MavsACT Program director Uzma Khan assembled a meeting filled with presentations, speakers and video footage to raise awareness on social injustice, zoning in on refugees and the path of resettlement.

As a part of UTA Volunteers' Social Justice Project, “No Human Illegal” brought speakers Monday to the Carlisle Suite in the University Center.

The refugee crisis in America has sparked an outcry of injustice, leaving more than 65.3 million people forcibly displaced worldwide, said Samira Page, refugee advocate and executive director of the Gateway of Grace, an organization designed to aid newly relocated refugees.

Of the 65.3 million displaced, 21.3 million of those people are refugees, and 10 million are left stateless, having been denied citizenship.

MavsACT members in UTA Volunteers have made it their goal to raise awareness on social justice and the issues refugees are faced with by arranging presentations from organizations such as the Refugee Services of Texas and the Gateway of Grace, as well as international students sharing their own stories.

Page, also the founder of Gateway of Grace, shared her story and some of her darkest memories about the journey relocating from Iran to the U.S. more than 19 years ago.

“I grew up during the war during Iraq and Iran,” Page said. “It was a horrible war. I remember being bombed, we would be at school and the sirens would go off, we’d have to run into the basement.”

With no documentation and no money, Page and her family traveled from Iran to Turkey to Mexico City. Page said she recalls walking through the river and crossing the border near Laredo into the U.S. 

“We had a very difficult journey; we had to walk through the mountains for over two nights with two children in the snow,” Page said. “We nearly froze to death.”

Page said her goal in speaking on this social issue is to shed light on the trauma and persecution that refugees, asylum-seekers and immigrants endure.

Not only is Page an Iranian refugee, she’s a Christian. Her religion of choice has caused her to be vulnerable to much discrimination.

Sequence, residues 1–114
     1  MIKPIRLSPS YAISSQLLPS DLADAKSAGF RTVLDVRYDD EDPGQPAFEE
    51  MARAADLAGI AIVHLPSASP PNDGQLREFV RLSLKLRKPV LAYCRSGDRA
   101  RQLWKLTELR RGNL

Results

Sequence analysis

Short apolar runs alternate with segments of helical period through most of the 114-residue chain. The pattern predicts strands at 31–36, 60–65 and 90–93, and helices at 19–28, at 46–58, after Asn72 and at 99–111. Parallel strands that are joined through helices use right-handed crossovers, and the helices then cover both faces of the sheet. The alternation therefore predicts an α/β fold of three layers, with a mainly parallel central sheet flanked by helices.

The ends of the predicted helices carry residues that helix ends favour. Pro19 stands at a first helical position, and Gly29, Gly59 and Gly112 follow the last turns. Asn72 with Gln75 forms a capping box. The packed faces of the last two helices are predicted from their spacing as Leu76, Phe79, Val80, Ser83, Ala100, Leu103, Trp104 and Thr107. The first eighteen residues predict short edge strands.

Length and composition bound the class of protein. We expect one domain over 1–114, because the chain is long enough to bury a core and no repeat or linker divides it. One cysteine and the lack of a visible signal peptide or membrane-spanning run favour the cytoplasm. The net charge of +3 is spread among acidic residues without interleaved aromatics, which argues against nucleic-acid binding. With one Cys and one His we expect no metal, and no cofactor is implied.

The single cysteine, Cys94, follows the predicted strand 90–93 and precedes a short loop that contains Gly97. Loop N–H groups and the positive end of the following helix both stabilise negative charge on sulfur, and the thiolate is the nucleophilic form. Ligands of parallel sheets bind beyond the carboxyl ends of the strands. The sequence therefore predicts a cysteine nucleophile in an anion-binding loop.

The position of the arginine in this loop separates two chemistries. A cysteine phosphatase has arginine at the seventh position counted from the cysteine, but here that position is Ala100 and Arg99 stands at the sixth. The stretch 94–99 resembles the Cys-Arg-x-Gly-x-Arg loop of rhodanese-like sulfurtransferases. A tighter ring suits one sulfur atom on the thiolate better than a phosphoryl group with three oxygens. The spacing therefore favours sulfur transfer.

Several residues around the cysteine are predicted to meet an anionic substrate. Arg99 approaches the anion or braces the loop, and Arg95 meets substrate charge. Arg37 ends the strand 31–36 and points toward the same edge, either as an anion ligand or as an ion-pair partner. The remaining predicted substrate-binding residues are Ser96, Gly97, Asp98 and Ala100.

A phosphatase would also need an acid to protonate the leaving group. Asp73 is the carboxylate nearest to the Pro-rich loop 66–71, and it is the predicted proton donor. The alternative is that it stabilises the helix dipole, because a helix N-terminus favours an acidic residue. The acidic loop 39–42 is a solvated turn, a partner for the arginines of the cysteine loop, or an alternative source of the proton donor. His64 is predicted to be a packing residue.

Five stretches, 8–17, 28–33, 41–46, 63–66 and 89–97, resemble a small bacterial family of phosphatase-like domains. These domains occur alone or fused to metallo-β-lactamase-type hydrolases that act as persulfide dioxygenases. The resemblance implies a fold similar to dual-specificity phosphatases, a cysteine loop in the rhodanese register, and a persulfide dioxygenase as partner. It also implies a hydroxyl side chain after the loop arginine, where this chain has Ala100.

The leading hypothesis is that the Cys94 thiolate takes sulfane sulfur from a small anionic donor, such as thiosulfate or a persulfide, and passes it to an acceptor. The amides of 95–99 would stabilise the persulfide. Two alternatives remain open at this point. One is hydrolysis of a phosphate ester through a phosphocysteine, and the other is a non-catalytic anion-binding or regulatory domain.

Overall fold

“Christianity is a persecuted religion [in Iran],” she said.

Page said Sunnis are also highly persecuted, with Shiite being the most popular branch of Islam there.

From war clips shown on TV to films such as The Stoning of Soraya M., the media highlights only a piece of what life is like as a refugee. Page referred to the media as an ‘assorted cheesecake,’ explaining how news outlets have the same job, yet are biased and do not speak on issues they’re unaware of.

“If you watch FOX News, you may get chocolate, if you watch CNN you get strawberry, but nobody gives you the whole.”

With recent terrorist attacks and the nation's Muslim Ban scare, the refugee crisis is at an all-time high.

“The media offers a picture of refugees, particularly Muslim, that is just not fair,” Page said.

The Refugee Services of Texas intern and spokeswoman Ayesha Hassan said that they see a lot of refugees from Burma, Afghanistan, Iraq, Congo and Syria.

The average relocation rate is seven years for one person; large families could be on the waiting list for years.

The Refugee Services of Texas provide relocation programs in 26 different countries world wide, placing 587 relocated refugees in homes as of 2016.


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